By Stuart Rothenberg
Two months ago in this space, I identified five states that I argued would pick the next president. Tell me how these states — Ohio, Colorado, Virginia, Nevada and Michigan — will go in November, I wrote, and I’ll tell you who will be our next president (“The Big 5: Picking the States That Will Pick the President”).
As the presidential race has developed, those five states seem to hold the same predictive value now that they did then. Sure, there are a handful of additional states that could turn the election to either Democratic Sen. Barack Obama (Ill.) or Republican Sen. John McCain (Ariz.) — New Hampshire, New Mexico, Minnesota, Wisconsin, Pennsylvania and North Carolina — but the longer the list, the less it tells us about who’ll win.
I’ve become convinced that my initial list of five states probably can be boiled down to just one — one state that is most likely to determine who will be the next occupant of the White House. And that state is Colorado.
If John McCain carries Colorado in November, I’d expect him to hold onto all of George W. Bush’s 2000 states, with the exception of New Hampshire. If he does that, and if Obama holds all of Al Gore’s states, plus New Hampshire, McCain would win 274 electoral votes to 264 for Obama.
If Obama carries the state, he has altered the arithmetic of the Electoral College so as to make it difficult for McCain to win.
It’s true, of course, that Obama could win Colorado and still lose the election. Republicans continue to look at Michigan, Pennsylvania, Wisconsin and Minnesota as possible swing states they could win to offset the loss of Colorado or Virginia. But if there is a single state among this group that is most likely to switch parties and therefore determine the winner of the presidential contest, it now appears to be the Centennial State.
Colorado, which generally has been characterized as a part of the conservative, Republican Mountain West, has voted Republican in nine of the past 10 presidential elections. George W. Bush carried it twice, including by 5 points in 2004.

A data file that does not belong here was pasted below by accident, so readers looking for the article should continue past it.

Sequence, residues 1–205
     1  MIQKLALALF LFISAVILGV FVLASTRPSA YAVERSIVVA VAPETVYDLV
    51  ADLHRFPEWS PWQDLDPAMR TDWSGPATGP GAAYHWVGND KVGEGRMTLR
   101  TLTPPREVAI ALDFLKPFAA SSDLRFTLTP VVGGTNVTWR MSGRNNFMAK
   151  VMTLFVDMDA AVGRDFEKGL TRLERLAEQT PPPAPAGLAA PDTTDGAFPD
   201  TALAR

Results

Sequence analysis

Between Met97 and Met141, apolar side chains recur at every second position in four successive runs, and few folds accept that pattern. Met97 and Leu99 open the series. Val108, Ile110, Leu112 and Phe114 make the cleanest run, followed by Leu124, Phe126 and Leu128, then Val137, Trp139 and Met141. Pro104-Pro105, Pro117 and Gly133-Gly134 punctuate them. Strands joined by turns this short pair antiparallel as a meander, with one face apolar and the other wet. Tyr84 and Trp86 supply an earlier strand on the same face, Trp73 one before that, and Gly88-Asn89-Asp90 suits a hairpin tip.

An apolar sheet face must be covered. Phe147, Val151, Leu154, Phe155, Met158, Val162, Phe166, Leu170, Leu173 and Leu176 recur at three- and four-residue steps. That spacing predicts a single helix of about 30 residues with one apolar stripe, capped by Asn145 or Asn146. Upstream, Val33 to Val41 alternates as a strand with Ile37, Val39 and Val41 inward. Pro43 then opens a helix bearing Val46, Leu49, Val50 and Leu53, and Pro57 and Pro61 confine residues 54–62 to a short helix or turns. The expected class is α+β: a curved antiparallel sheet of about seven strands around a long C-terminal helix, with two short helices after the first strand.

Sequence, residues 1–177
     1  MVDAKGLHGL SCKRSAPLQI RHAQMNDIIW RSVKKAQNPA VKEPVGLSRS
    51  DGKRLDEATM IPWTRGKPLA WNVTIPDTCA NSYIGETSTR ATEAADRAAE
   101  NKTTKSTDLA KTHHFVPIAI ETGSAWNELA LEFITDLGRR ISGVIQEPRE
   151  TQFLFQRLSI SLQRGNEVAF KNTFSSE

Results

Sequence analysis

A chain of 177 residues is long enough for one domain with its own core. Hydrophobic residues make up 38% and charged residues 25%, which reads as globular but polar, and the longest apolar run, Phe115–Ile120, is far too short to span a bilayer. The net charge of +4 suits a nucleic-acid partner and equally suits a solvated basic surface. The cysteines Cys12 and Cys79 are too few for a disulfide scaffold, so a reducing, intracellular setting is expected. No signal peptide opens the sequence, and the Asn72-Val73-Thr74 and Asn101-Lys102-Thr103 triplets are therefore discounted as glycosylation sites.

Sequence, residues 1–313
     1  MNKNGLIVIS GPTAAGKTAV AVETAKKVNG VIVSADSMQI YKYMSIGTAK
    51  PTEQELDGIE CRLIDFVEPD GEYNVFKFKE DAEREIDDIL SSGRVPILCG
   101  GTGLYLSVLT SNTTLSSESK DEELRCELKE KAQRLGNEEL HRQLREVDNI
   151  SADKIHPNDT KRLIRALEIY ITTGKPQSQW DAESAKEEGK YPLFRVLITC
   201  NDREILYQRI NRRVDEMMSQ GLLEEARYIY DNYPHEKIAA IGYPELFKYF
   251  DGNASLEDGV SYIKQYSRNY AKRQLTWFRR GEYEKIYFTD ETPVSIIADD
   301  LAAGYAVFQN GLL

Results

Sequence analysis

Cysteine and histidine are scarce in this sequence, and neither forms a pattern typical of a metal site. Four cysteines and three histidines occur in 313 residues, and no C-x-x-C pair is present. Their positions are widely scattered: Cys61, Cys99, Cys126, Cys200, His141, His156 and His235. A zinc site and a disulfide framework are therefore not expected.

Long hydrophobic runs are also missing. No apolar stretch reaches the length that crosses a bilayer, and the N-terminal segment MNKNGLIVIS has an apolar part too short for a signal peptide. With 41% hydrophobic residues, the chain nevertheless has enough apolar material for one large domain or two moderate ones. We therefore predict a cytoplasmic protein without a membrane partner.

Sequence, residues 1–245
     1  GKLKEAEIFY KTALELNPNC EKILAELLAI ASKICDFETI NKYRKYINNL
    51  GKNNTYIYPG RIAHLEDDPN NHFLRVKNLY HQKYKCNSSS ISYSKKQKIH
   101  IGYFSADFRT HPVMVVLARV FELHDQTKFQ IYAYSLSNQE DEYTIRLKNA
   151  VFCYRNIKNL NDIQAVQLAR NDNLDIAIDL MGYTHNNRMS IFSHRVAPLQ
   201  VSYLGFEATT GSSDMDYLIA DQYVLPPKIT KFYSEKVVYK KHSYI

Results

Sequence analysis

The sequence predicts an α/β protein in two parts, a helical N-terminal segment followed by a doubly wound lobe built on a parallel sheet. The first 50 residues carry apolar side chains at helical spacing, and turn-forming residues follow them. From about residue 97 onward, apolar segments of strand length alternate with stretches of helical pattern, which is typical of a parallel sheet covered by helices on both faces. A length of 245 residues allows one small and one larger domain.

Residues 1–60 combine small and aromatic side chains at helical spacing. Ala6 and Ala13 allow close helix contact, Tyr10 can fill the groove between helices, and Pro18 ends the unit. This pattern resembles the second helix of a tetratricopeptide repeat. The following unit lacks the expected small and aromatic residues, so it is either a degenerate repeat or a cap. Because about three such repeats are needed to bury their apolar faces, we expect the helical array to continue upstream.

But recently, the state has been trending Democratic. Democrats won a Senate seat in 2004 with Ken Salazar and the governorship two years later. With Sen. Wayne Allard (R) calling it quits, Democratic Rep. Mark Udall is a slight favorite to win the state’s other Senate seat this year. And Democrats now hold majorities in both chambers of the Colorado Legislature.
Until late July, polling in the state showed Obama ahead, from anywhere between 2 and 9 points. But recent polling has been more mixed. Polls have generally shown one candidate or the other ahead by the low single digits, making for a race that looks to be a tossup.
But my confidence in these surveys is not great. A number of the surveys are automated, and some of the internals look more than a little odd. That doesn’t mean the results are wrong. It just means that I don’t have a great deal of confidence that they are correct.
One of the recent surveys, conducted on Sept. 11 by Insider Advantage, showed Obama up by 3 points. But the survey found McCain getting an unbelievable one-quarter of the African-American vote and Obama winning both men and women by an identical 49 percent to 46 percent margin.
Given the gender gaps everywhere — with McCain running well ahead of Obama among men nationally, as well as in Colorado surveys conducted by Public Policy Polling (D) and even Rasmussen Reports for Fox News — it seems unlikely that there would be no gender gap in Colorado. And if McCain wins 25 percent of the black vote anywhere, I’d be stunned.
Still, the state looks to be made for a tight contest. With upscale white voters who would seem likely to prefer Obama, Hispanics, Boulder liberals and plenty of swing suburbanites, Colorado looks like a one-time Republican state where Obama should have appeal.
One of the problems facing Obama is that the Democratic nominee for president has not won more than 47 percent of the vote in the state since 1964, when Colorado went for Lyndon Johnson (D). Bill Clinton carried the state with only 40.1 percent of the vote in a three-way race in 1992, and John Kerry drew 47 percent last time.
Of course, with Bob Barr running as a Libertarian, Cynthia McKinney as a Green and Ralph Nader as an Independent (to say nothing of the 11 other tickets on the ballot in the state), the presidential candidate who carries the state need not win a majority of the total votes cast.
A month from now, the national landscape could look very different. The contest for the White House might have blown wide open. But at this point, with the race looking very tight, Colorado surely is one of the key swing states, and it now looks like the best indicator of how the nation will go.
This column first appeared in Roll Call on September 18, 2008. 2008 © Roll Call Inc. All rights reserved. Reprinted with permission.
Monday, September 22, 2008
By Stuart Rothenberg